Texas and Open Container Laws


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Brett Pritchard Law

Many people find themselves facing DWI- related charges because they simply do not understand how the laws work. Open container laws are a fine example of this predicament. In the State of Texas, it is illegal to possess an open container of alcohol in a motor vehicle – but the application of this law can be confusing. Better understanding open container laws can help ensure you do not find yourself on the wrong side of such a charge.

What Constitutes an Open Container?

In the eyes of the law, an open container refers to an open bottle, can, or any other receptacle that contains any alcoholic beverage. In this meaning, open can also mean having the container's seal broken or having some of the liquid removed from the container in question. The container itself can be a bottle, can, flask, glass, travel mug, plastic bottle, Styrofoam cup, or any other container that can hold liquid.

When Is Possession of an Open Container Prohibited?

In Texas, it is illegal to have an open container – as described above – in the passenger area of your vehicle whenever you are on a public highway, but public highway here means all of the following:

  • A public street
  • A road
  • An interstate
  • A highway
  • Any public area in which motor vehicles are allowed to travel

Further, it does not matter what you are doing on that roadway – whether you are driving, are stopped, or are parked at the time – it remains illegal to be in possession of an open container.

Finally, the passenger area of your vehicle refers to that space wherein the driver and other passengers sit but does not include the following areas:

  • A locked compartment such as a glove box
  • Your car’s trunk
  • The space behind the last upright seat in your vehicle (if there is no truck space)

In other words, if you have anything that qualifies as an open container in your vehicle, it must be kept somewhere inaccessible.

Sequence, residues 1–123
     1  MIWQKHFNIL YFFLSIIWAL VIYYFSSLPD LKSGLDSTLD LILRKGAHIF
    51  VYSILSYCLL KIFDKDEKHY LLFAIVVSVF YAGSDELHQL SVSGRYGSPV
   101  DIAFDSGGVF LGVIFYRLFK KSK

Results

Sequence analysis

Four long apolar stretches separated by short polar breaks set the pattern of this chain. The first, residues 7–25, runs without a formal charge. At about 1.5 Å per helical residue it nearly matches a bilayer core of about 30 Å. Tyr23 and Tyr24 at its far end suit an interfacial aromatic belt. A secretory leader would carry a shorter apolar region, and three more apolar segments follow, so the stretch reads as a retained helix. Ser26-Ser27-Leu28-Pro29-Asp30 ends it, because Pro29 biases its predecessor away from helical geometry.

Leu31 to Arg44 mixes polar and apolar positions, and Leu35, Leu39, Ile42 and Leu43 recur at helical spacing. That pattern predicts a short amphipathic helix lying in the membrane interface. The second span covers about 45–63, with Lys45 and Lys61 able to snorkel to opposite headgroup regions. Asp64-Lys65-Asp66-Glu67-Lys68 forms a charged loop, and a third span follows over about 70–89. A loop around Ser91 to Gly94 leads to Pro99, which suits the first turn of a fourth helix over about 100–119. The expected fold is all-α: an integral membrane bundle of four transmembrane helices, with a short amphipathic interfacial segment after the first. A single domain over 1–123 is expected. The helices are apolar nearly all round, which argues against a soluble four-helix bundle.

Exceptions to the Rule

There are some situations in which passengers in the State of Texas are not prohibited from possessing open containers, including:

  • If the vehicle in which the passenger rides is transportation for hire, such as buses, limousines, and taxis)
  • If the passenger is in the living quarters of a motorhome or another type of self-contained recreational vehicle

DWI Charges

If you are facing DWI charges, the fact of open container charges ups the ante, and if you are convicted, possession of that open container will very likely increase your penalties. The open container charge itself is a Class C misdemeanor that carries a maximum fine of $500. 

It Is Time to Contact an Experienced Lawyer

If you are facing open container charges – whether alone or in conjunction with a DWI – Brett Pritchard at The Law Office of Brett H. Pritchard in Killeen, Texas, is a formidable criminal defense lawyer with an impressive record of helping clients like you favorably resolve their DWI cases. Your case is important, so please do not hesitate to contact or call us at 254-501-4040 today.

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